establish the so-called "perpetual and gratuitous easement of road right of way"
along LOT A, with 1.50 meters wide and along LOT B, with the same 1.50 meters
wide. Understandably, this servitude voluntarily constituted on LOTS A and B was
had for the benet and use by the owners of LOTS D (Guillermo Ceniza, Jr.) and E
(defendant Victoria Ceniza Salimbagon).

Consequently, because of the above averment, the Tans were entitled to introduce
evidence to establish the true intent and agreement of the parties although this may
depart from what the partition agreement literally provided

Atadmission
any rate, the CA said, the Salimbangons did not object at the hearing to the
of Eduardo Cenizas testimony even when this seemed at variance, as far
as they were concerned, with the partition agreement among the heirs.

Consequently, the Salimbangons may also be deemed to have waived their right
to now question such testimony on appeal

W/N the CA erred in ruling that the easement of right of way established by the
partition agreement among the heirs for the benefit of Lot A had been
extinguished. NO

1st As Ceniza testified, the true agreement of the heirs was for the establishment
of an easement of right of way for the benefit solely of the lots that didnt have direct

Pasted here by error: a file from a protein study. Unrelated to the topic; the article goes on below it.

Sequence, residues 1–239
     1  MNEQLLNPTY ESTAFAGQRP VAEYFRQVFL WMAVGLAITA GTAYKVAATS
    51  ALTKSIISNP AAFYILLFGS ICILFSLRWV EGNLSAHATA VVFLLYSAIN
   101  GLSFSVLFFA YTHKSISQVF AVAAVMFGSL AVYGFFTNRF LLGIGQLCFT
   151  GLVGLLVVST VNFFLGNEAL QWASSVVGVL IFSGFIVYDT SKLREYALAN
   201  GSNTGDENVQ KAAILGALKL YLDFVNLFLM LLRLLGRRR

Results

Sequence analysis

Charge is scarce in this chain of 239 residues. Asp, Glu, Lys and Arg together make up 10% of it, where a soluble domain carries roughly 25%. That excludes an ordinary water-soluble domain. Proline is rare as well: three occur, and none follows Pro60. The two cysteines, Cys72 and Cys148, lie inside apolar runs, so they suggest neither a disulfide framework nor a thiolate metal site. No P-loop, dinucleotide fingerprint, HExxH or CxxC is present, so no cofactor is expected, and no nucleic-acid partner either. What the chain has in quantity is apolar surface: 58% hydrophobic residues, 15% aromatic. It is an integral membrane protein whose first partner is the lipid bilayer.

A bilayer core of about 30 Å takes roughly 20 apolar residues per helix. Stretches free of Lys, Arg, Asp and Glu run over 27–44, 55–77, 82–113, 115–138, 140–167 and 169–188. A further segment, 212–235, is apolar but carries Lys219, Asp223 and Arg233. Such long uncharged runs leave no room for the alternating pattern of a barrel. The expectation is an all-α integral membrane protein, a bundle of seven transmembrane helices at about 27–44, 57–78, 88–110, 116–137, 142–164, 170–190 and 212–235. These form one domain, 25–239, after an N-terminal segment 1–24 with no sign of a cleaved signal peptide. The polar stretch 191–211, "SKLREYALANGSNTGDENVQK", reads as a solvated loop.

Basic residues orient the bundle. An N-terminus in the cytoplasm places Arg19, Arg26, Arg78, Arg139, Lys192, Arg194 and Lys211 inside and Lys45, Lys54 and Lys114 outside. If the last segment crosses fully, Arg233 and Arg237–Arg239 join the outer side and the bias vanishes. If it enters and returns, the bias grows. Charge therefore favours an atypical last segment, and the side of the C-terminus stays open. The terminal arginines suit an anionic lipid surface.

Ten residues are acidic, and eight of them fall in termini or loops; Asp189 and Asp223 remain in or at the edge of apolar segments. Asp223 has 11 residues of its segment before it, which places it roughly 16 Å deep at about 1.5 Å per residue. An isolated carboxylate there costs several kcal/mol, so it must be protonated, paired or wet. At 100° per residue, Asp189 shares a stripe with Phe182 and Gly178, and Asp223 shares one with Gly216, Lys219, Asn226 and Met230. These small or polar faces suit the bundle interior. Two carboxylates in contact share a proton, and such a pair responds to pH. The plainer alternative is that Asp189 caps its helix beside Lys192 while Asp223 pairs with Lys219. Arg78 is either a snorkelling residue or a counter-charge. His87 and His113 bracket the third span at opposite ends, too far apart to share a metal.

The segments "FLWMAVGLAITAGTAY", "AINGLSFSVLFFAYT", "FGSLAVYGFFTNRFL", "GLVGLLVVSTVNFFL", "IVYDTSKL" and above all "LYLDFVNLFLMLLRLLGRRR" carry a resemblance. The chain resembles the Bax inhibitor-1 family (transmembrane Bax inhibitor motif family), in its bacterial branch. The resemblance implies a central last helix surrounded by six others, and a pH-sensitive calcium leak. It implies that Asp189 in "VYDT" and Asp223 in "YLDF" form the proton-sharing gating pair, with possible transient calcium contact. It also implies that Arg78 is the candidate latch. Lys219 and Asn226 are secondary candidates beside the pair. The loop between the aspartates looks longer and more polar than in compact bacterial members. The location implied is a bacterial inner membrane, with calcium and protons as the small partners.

access to the street (D and E)

As originally constituted in that agreement, each of Lots A and B was to contribute


a strip of 1.5 meters between them that when combined would form a 3 meter
wide alley from Lots D and E to the street since Lots A and B contributed to that
alley, the agreement also gave them the right to use the common alley as well

But Lots A and B didnt need this alley since they were facing the street

So when the owner of Lots D and E became the owner of Lot B, the easement of
right of way on Lot B became extinct by operation of law the existence of a
dominant estate and a servient estate is incompatible with the idea that both
estates belong to the same person

2nd No question that when the heirs realized that it wasnt fair to take strips of 1.5
m each from Lots A D and E for the easement of right of way when these lots were
already small, the heirs executed a Cancellation of Annotation of Right of Way that
cancelled the easement of right of way they earlier established and imposed a 3-
meter wide easement of right of way solely on Lot B

Although the cancellation document didnt say so, it was implicit that the changed
location of the easement cancelled not only the 1.5 m strip of easement imposed
on Lot A of the Salimbangons but also their right to use the new 3-meter easement
alley that lay entirely on Lot B

RULING

Denies petition.